A group of environmental and labor activists in Southern California are taking on Amazon and the U.S. government, in hopes of stopping a new airport terminal that’s expected to be used as a massive Amazon fulfillment center that could make air quality in the area even worse.
The groups filed a petition for review in the U.S. Court of Appeals for the Ninth Circuit in a challenge of an environmental assessment by the Federal Aviation Administration (FAA) that would make way for a new cargo terminal at the San Bernardino airport. This terminal is suspected to be under construction specifically as a shipping and fulfillment center for Amazon, according to the LA Times.
The petition for review, obtained by Digital Trends, said the FAA’s orders were “arbitrary and capricious.” The petition is being filed by the environmental legal group Earthjustice on behalf of the local Teamsters union in Southern California, as well as the Sierra Club and the Center for Community Action and Environmental Justice, who said their goal is to completely halt the construction of the new terminal so that a “robust” environmental review can be done.
According to the American Lung Association, San Bernardino County already has some of the worst air quality in the country. Earthjustice and the petition filers are saying that a functioning airport terminal like the one currently proposed would involved an estimated 7,516 truck trips annually, and pump 355 tons of air pollution into the community.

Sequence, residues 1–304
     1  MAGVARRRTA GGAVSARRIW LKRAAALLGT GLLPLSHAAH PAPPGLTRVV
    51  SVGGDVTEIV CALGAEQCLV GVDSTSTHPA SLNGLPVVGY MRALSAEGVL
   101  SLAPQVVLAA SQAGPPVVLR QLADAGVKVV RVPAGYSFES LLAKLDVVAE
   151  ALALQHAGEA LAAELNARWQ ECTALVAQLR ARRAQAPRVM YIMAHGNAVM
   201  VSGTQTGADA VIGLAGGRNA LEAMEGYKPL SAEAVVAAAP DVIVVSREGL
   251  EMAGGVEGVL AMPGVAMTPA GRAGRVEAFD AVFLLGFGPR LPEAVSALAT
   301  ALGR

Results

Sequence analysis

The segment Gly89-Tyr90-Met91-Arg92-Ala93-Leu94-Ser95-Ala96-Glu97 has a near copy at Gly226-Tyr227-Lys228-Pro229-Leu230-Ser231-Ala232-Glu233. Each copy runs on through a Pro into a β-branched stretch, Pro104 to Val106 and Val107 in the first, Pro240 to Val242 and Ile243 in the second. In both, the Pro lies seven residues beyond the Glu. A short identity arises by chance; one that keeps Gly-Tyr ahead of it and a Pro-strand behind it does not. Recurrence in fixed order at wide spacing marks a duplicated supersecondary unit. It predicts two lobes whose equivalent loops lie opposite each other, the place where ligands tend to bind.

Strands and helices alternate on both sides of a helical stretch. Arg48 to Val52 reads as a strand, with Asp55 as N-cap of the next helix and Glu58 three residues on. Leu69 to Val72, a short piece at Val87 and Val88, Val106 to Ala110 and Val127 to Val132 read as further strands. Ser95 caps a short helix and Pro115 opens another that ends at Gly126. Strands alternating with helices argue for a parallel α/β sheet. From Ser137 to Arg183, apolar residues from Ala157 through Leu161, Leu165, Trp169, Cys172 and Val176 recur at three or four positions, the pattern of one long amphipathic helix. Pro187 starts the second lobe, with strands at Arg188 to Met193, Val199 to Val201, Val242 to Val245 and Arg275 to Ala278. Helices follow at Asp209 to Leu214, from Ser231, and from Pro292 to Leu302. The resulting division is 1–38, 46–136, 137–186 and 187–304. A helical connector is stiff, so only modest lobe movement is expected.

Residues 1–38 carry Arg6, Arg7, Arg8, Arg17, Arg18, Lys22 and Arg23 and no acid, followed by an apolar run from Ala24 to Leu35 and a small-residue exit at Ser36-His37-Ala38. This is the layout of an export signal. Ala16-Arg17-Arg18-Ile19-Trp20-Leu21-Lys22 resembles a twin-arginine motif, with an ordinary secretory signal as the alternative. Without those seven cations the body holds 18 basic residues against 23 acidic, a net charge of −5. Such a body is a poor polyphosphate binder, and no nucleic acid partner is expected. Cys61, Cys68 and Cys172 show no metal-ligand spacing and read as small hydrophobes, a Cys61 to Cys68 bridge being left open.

“They’re going to dump literally a ton of pollution in this area, that’s already one of the most ozone polluted areas in the country,” said Adrian Martinez, a staff attorney for Earthjustice’s Right to Zero campaign, to Digital Trends before the filing. “They’re saying it’s not going to have an impact when we all know it will. It’s one of these things that defies logic and science.”
“The FAA has chosen to ignore the dirty impacts this new airport terminal will create for us,” said Anthony Victoria-Mindence, spokesperson for the Center for Community Action & Environmental Justice in a statement to Digital Trends. “Developers and corporations should be required to meet stringent standards if they’re trying to build in a community suffering from the nation’s worst air quality, not given free rein to deplete our quality of life in San Bernardino.”
Amazon’s big pollution problem
This filing comes as Amazon pledged in September to go carbon neutral after pressure from an employee-led movement within its own company. At present, Amazon has admitted that it produces 44.4 million tons of carbon dioxide each year, the same amount as Norway or Hong Kong. According to Greenpeace, Amazon’s growth has outpaced its renewable energy investment in certain sectors. Features like Prime Shipping mean that packages are not consolidated, which can lead to further waste, according to Buzzfeed. At present, Greenpeace said, Amazon’s climate pledge does not cover its supply chain emissions.